Owen Barder adds an April 17 statement by World Bank President Jim Kim to his century-long list of leaders who have declared about once a decade: "for the first time in history, we can end poverty". Owen had already published this list 3 months ago. Why does this phrase keep recurring? One thought (not original to me) is that advocacy messages are driven by what works best for advocacy, and not by any necessary relation to reality.
"We can end poverty" -- the task is doable, the cost is manageable, it's almost easy.
"For the first time in history" -- this answers a question implied by "we can end poverty": if it's so easy, why didn't it already happen?
Another version of what works best for advocacy was given by a World Bank press release the same day (April 17) as the Kim statement in a story on poverty numbers. Here was the headline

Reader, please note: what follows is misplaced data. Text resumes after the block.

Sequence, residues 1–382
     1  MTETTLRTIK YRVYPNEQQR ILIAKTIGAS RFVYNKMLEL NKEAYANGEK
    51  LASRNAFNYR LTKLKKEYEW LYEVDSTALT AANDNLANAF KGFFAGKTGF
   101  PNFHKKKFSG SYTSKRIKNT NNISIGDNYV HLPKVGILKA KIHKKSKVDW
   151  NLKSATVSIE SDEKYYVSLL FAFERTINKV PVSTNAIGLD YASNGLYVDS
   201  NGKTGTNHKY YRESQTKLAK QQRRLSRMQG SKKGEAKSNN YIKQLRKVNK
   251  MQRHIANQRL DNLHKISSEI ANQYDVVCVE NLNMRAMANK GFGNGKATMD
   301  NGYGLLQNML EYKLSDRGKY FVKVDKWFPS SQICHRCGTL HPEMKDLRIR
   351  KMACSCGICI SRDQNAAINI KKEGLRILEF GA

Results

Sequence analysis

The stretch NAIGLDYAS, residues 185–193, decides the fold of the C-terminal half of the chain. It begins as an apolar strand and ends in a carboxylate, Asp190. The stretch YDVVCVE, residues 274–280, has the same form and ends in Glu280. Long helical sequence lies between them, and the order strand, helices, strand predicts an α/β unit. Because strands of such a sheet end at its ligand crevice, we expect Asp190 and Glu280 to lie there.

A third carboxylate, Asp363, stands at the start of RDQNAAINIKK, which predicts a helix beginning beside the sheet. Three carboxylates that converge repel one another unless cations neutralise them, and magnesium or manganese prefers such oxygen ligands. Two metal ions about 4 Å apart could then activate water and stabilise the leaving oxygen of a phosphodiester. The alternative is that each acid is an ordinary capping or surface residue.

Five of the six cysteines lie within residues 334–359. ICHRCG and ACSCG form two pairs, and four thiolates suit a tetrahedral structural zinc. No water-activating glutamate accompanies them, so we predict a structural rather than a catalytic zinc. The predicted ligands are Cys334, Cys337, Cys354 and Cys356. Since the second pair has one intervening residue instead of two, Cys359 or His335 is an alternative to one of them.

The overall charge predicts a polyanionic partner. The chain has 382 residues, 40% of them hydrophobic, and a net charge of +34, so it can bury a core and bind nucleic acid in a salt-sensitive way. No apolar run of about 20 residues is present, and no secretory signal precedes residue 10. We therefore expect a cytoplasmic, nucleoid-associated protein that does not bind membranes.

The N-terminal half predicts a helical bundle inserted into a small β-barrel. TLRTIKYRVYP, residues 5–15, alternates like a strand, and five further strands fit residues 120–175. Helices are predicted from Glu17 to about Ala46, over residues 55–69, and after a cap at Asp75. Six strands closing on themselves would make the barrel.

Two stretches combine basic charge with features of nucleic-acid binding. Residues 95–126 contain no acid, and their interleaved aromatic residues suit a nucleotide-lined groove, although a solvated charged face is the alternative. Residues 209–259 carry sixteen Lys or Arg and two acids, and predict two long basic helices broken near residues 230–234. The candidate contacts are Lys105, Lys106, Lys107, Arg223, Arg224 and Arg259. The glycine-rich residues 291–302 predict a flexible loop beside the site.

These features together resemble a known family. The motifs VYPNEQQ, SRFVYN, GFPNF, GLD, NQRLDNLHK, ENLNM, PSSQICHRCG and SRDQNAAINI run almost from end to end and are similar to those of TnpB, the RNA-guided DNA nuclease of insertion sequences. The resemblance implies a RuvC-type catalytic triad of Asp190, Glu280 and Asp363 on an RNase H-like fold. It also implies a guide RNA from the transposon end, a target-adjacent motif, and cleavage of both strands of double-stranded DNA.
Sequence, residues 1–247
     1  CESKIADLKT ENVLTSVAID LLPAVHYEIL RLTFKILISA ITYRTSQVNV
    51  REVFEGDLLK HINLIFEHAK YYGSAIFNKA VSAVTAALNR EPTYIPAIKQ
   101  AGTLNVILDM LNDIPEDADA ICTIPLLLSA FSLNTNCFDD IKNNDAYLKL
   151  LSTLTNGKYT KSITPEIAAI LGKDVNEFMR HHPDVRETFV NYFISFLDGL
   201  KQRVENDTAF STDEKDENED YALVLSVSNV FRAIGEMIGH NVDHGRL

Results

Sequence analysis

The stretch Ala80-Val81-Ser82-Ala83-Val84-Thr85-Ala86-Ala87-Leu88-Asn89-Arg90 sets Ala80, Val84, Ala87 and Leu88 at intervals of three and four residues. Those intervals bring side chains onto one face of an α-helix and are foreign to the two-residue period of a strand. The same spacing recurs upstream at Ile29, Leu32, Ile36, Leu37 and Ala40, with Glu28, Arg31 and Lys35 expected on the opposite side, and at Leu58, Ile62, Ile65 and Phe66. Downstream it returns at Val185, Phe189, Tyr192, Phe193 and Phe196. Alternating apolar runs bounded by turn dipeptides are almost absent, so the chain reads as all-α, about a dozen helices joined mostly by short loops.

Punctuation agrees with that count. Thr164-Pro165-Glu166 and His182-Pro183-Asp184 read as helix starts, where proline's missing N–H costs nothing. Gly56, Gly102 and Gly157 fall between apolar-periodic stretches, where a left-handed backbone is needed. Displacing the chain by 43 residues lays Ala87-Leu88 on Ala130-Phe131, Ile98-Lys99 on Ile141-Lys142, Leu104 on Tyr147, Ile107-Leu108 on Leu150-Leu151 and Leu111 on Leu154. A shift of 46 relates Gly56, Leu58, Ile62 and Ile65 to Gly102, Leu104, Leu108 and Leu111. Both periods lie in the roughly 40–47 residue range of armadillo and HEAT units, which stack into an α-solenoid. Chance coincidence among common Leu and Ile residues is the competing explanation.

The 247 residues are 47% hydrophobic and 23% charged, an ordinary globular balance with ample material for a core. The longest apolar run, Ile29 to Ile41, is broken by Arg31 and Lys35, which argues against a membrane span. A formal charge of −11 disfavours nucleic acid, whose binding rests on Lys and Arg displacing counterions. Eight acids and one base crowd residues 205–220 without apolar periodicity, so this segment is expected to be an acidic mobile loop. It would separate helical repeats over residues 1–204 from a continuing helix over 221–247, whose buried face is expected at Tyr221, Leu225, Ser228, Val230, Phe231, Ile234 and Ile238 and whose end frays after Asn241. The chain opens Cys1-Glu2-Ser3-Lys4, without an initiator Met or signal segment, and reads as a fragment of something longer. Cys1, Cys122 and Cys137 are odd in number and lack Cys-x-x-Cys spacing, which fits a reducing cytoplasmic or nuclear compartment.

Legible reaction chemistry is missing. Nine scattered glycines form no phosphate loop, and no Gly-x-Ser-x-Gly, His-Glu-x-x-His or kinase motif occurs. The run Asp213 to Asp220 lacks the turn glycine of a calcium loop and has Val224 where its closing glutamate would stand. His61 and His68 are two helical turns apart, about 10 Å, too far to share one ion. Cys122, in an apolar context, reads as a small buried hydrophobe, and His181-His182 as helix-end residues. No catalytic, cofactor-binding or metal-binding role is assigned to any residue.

Remarkable Declines in Global Poverty, But Major Challenges Remain
As shown by this headline, the best advocacy message is in Goldilocks land. Things are getting better (for which we get the credit), so that kills pessimism that is bad for advocacy. However, it would be bad for advocacy if we are too hopeful, because that works against the urgency of ever greater effort and funding.
"But challenges remain."
This phrase deserves special recognition because it surfaced in a private discussion some development folks had a while ago as winning a stiff competition for the worst and most meaningless cliché ever. Does this distinguish poverty from any other problem? Is there any issue anywhere where no challenges remain?
What is the lesson? A bit more evidence that official development agencies lack accountability if they keep repeating stock phrases with either no connection to reality or no meaning at all.